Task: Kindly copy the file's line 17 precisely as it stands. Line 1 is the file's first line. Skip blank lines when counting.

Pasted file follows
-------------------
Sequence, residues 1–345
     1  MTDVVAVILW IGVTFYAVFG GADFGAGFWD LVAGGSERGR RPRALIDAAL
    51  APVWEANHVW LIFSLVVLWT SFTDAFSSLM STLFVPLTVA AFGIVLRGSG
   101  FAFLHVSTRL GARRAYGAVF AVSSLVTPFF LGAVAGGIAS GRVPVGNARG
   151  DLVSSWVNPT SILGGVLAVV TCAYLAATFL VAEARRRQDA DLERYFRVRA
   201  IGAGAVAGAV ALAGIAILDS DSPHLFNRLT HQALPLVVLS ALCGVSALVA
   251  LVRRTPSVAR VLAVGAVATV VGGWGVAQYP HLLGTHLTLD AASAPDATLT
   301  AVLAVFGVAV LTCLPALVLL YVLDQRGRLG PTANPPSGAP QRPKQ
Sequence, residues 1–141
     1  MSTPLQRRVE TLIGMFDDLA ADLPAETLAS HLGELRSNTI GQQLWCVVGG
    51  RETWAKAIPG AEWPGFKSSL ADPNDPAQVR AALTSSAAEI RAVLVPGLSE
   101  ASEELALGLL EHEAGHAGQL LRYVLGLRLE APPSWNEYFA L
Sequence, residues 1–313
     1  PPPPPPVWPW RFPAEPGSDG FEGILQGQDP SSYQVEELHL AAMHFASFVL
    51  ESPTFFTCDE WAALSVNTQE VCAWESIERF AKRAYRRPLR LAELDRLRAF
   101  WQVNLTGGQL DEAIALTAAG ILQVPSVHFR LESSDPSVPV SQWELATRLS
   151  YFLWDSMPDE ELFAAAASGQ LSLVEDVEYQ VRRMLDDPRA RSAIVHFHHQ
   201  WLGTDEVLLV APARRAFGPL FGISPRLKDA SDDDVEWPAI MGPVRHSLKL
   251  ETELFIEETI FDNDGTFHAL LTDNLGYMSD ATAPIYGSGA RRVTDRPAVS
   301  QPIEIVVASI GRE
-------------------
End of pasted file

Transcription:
   151  YFLWDSMPDE ELFAAAASGQ LSLVEDVEYQ VRRMLDDPRA RSAIVHFHHQ